So far, first lady Melania Trump's inaugural weekend wardrobe has been the epitome of powerfully feminine.
Trump arrived at St. John's Church on Friday morning in a baby blue Ralph Lauren cashmere bolero jacket with a high cowl neck, and matching sheath and gloves. (So Jackie O. In fact, Jacqueline Kennedy wore a sky-blue suit to her husband's inauguration.) Trump's shoulder-length tresses were pulled into a soft bun. Her cheeks were rosy. But her countenance was stoic, as if to say, "This is real and I'm ready for it." On her feet, Manolo Blahnik stilettos, of course.
— TODAY (@TODAYshow) January 20, 2017
Lauren is among the most popular home-grown designers here. The 77-year-old king of American heritage has built his fashion empire by defining quintessential American style in department stores and on the red carpet (although the bulk of his clothing is made outisde of the United States). His preppy, classic collections have clean lines and beautifully tailored details that create grounded auras, whether for people on the main stage or in supporting roles.
Trump's choice to outfit herself in this sumptuous suit on the occasion of her husband's inauguration as the 45th president of the United States was no doubt deliberate. She will be its first lady on her own terms. She's feminine, yes. And strong.
Trump's wardrobe so far this festive weekend has been quite stellar.
She arrived in Washington Thursday wearing a double-breasted, black military coat by independent Manhattan-based designer Norisol Ferrari.
And Thursday night, Trump chose a body-skimming gold metallic gown by American designer Reem Acra. Acra is known for her beautiful bridal wear.
President Trump's righthand woman Kellyanne Conway's message was clear when she donned a military-inspired, colorblocked red, white and blue ensemble at the inauguration Friday morning.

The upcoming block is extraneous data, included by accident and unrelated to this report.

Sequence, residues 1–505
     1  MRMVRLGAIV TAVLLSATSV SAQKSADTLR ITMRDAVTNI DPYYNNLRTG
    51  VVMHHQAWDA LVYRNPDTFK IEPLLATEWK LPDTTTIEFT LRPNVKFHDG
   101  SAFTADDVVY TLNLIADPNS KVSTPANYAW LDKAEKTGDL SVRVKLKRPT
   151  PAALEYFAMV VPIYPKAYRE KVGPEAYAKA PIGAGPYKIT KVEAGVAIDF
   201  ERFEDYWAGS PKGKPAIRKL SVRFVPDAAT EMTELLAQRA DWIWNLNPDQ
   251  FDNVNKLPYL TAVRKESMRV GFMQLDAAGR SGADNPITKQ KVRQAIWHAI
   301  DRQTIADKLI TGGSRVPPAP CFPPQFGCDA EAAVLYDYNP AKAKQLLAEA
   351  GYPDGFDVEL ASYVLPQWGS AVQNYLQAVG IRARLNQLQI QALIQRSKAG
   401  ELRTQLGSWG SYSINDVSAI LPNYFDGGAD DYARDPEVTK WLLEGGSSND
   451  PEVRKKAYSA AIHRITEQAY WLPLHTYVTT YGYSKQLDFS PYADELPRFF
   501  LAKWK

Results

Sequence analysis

— CNN (@CNN) January 20, 2017
Although the fashion world did not approve of the way Conway executed her patriotism. The double-breasted colorblocked coat gone awry is courtesy of the House of Gucci. It costs $3,600. And Conway refered to it as Trump revolutionary wear.
But we ask, when was Nutcracker fashion ever in style? Like, ever?
Can we say ick?
This inaugural look was clearly a fashion faux pas.
Half-sisters Ivanka and Tiffany Trump and Hillary Clinton all took a pro-womanhood stance in white ensembles.
Women in politics have taken to wearing white lately as a nod to women who fought for the right to vote. But in addition to being the shade of suffragettes, white can, for some, convey purity, righteousness, kindness, a new beginning, a clean slate. With the Women's March in Washington on Saturday, women's rights are definitely front and center.
Ivanka Trump, 35, who by many accounts will be the acting first lady while the president's wife stays in New York, wore an interesting suit by Oscar de la Renta. At first glance, the pantsuit, with its asymmetrical blazer, appeared quite sharp. But on closer look, it seemed the suit just didn't fit as it was pulling in places. That was disappointing. I'm sure she has some pieces from her Ivanka Trump collection that would have fit her better.
Tiffany Trump's double-breasted white coat by New York-based designer Taoray Wang, on the other hand, was a much smoother fit (although more boring). Her pearls and gloves, however, were a very nice touch.
Clinton's clothing choices during her campaign had been not-subtle nods to the women's movement. So it's no surprise that she, too, went with an all-white suit courtesy of Lauren, as well. Is it me, or has Lauren perfected the art of bipartisan fashion?
Even on her last day as first lady, Michelle Obama didn't disappoint. The Obama wore a capped-sleeved burgandy print dress by Jason Wu paired with a coat fashioned by the same print. The former FLOTUS' hair, usually some version of a bouncing bob, was pulled back tightly into a severe bun.